I finished my visit with a pint of the Hazy IPA brewed for Ales for ALS. The beer had a nice creamy body and prominent hop aroma with notes of pineapple and mild herbs. The beer was mildly bitter and low in hop acidity making it quite crushable. I have seen their hazy cans outside of the brewery but hadn’t tried them yet because so many breweries label new IPAs as hazy when they are simply imitations. This is the real thing.
With such easy access to Almanac beers throughout California, it isn’t essential to visit them at the source. Though they were selling vintage bottles to go they didn’t have rare bottles for on-site consumption. If you happen to visit family in Oakland or Alameda though, it is worth taking a stop by the Alameda tasting room. You could visit Faction during the same trip.
Almanac is known for fantastic barrel-aged sours and recently branched out to brewing other styles. They had a solid hazy IPA and fantastic hoppy pilsner.
A lot of people first become interested in craft beer when they taste an IPA and fall for the bitter punch or the pine resin but many brewers and beer drinkers eventually learn to appreciate the delicate flavors of a well-crafted lager, usually in the German or Czech style. There are many types of lagers in all ranges including the higher alcohol baltic porter, a strong dark beer brewed with lager yeast. For purposes of this article, I will focus on lower alcohol versions of the style and breweries in San Diego where you can consistently find an excellent version of that style.
1. Societe Brewing Company – Societe is one of the first San Diego breweries where I encountered an excellent lager. They often have two or three variations of the style on tap at once, including single-hopped versions to showcase a hop or more classic varieties. Around Oktoberfest, starting in September, they put on some delightfully authentic versions of the festbeer and kellerbier.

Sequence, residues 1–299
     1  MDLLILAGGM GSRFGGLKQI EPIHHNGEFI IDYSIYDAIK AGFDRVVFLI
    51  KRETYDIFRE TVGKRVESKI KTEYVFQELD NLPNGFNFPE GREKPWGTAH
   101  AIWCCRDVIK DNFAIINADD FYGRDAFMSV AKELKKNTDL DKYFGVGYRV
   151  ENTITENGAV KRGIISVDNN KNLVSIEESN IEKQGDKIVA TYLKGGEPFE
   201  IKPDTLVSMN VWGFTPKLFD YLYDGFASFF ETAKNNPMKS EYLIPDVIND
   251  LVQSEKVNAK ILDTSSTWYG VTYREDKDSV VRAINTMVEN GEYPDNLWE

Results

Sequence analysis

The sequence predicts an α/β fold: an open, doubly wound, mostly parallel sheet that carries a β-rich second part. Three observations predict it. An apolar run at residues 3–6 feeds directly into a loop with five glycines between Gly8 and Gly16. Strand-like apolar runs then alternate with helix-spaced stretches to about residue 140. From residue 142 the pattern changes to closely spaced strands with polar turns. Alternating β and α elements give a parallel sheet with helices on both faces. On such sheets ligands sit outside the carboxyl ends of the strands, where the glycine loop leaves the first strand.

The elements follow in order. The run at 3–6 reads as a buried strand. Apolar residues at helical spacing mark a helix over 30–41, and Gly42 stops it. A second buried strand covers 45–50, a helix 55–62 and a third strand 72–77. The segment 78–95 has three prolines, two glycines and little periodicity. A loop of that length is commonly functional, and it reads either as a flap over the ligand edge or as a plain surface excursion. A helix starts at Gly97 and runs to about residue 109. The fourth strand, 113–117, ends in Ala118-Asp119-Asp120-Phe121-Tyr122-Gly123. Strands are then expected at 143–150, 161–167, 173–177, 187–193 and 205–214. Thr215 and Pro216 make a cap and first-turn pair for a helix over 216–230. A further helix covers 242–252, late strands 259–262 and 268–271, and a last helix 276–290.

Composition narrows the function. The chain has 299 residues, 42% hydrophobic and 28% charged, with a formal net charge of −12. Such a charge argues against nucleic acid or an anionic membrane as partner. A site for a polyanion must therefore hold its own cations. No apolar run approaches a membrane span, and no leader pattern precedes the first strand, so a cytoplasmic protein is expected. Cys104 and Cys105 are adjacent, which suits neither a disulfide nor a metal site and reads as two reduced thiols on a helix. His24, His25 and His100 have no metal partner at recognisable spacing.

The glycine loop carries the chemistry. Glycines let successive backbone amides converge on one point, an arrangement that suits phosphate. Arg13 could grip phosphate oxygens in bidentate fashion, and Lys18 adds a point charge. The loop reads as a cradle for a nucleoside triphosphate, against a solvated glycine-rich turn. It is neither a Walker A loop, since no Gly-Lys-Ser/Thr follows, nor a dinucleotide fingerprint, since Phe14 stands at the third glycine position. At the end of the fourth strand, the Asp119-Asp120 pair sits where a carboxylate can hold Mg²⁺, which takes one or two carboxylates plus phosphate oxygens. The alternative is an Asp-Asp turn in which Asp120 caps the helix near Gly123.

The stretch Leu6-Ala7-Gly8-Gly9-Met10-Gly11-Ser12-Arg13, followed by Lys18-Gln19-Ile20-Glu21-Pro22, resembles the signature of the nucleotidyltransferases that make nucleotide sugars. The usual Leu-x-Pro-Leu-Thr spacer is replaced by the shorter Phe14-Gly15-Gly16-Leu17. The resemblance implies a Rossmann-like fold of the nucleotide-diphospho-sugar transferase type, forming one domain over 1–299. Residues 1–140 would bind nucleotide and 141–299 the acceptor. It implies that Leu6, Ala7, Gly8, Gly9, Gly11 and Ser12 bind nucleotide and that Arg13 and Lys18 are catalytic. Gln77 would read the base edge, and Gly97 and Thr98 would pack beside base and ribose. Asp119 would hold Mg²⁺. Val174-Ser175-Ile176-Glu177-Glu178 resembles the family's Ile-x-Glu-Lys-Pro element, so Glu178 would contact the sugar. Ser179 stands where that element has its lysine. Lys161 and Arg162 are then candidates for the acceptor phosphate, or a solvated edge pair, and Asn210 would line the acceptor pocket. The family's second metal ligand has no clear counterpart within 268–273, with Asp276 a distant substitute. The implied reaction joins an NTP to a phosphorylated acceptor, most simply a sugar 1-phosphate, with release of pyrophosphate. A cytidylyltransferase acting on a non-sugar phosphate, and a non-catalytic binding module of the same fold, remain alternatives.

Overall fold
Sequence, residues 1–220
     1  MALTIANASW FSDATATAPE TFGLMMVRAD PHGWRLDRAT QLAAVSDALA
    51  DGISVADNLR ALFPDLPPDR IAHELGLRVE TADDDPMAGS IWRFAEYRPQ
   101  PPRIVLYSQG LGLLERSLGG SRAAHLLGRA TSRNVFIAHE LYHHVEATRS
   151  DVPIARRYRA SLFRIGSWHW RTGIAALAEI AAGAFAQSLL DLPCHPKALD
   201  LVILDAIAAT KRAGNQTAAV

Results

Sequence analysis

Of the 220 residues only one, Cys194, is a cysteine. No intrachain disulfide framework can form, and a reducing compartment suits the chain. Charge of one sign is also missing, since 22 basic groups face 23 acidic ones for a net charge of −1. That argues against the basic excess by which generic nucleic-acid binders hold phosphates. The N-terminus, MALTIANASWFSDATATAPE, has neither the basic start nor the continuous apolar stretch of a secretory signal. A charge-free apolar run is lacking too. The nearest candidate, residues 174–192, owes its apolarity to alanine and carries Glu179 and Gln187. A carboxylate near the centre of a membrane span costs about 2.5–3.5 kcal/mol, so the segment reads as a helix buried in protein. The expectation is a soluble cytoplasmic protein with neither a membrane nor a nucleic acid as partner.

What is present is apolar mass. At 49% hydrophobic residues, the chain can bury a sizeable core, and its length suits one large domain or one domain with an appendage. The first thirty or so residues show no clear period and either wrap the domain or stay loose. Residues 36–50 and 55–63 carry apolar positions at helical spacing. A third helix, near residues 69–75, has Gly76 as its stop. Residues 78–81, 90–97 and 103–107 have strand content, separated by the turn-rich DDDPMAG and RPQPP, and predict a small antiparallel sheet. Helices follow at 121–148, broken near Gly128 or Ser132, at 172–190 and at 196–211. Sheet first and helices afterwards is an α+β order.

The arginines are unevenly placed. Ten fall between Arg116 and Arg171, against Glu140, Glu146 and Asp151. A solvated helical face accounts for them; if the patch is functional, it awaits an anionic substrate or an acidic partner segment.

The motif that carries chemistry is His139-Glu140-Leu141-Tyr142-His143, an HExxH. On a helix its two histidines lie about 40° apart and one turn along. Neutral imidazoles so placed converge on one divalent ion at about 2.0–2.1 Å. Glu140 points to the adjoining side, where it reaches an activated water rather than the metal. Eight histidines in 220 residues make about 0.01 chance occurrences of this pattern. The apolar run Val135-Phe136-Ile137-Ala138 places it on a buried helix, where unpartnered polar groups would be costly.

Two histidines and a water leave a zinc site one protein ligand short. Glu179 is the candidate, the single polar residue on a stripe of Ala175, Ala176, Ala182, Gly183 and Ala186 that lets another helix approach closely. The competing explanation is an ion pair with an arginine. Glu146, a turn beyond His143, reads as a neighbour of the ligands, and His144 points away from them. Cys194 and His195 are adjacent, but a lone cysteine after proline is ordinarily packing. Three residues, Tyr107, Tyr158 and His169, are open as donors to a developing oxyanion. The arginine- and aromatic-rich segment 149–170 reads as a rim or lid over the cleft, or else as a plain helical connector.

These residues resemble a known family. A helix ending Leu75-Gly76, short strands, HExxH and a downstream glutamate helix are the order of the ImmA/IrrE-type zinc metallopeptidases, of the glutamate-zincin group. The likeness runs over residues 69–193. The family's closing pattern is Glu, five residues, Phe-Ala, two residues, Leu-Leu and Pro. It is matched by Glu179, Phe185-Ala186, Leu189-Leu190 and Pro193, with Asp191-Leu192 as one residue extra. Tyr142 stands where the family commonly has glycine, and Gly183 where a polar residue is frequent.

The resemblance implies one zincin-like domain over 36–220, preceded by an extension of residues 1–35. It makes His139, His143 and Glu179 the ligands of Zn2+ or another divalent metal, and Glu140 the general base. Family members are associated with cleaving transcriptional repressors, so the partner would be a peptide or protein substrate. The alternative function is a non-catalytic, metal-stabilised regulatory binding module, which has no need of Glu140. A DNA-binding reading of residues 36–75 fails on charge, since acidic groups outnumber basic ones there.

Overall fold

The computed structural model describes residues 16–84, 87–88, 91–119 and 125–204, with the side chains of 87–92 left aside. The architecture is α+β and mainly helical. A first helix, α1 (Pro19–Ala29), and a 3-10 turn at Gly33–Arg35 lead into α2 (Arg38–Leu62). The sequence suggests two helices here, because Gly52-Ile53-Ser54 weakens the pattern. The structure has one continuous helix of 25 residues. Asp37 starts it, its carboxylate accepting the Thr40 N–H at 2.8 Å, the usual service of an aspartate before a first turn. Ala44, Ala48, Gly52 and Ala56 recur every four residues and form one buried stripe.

2. Fall Brewing Company – Fall has been delivering six-packs of their delightful pilsners for some time with Plenty for All first followed by the Rise Up Czech style Pilsner. Both are excellent and always refreshing examples of the style. I’m hooked on Rise Up and the lovely wildflower honey flavor I get from it.
3. Burning Beard – Burning Beard’s Normcore Pilsner has been named best beer in San Diego in 2016 as voted by readers of The West Coaster. Then for 2017 it was named best lager in San Diego from the same readers. This beer has quite a following just as the Beard has its loyal fans. Though not brewed in as large quantities as others this is always a reliable choice when you are craving a good lager.
4. Alesmith – Alesmith didn’t always have lagers on tap but then recently they released both the Sublime Mexican style lager and the delicious Spezial Pils, a German style lager. Both are excellent though I prefer Spezial when I am craving something classic. This is now available year-round in cans.
5. Pizza Port – Though not a brewery generally associated with lighter beers, I was really blown away by the quality of the Festbier that Pizza Port released in 2017 as a limited release through their tasting rooms. I was craving more once I finished that six-pack. They also brew a number of one-off beers throughout the year.
6. ChuckAlek Brewing – Chuckalek is the only brewery I know of in San Diego that lets you order a full liter of their German styles at their tasting room, usually limited to the altbier and helles German style lager. Though I usually end up ordering their delightful ESB, ChuckAlek makes a consistently delicious helles lager and altbier, a malty traditional German style.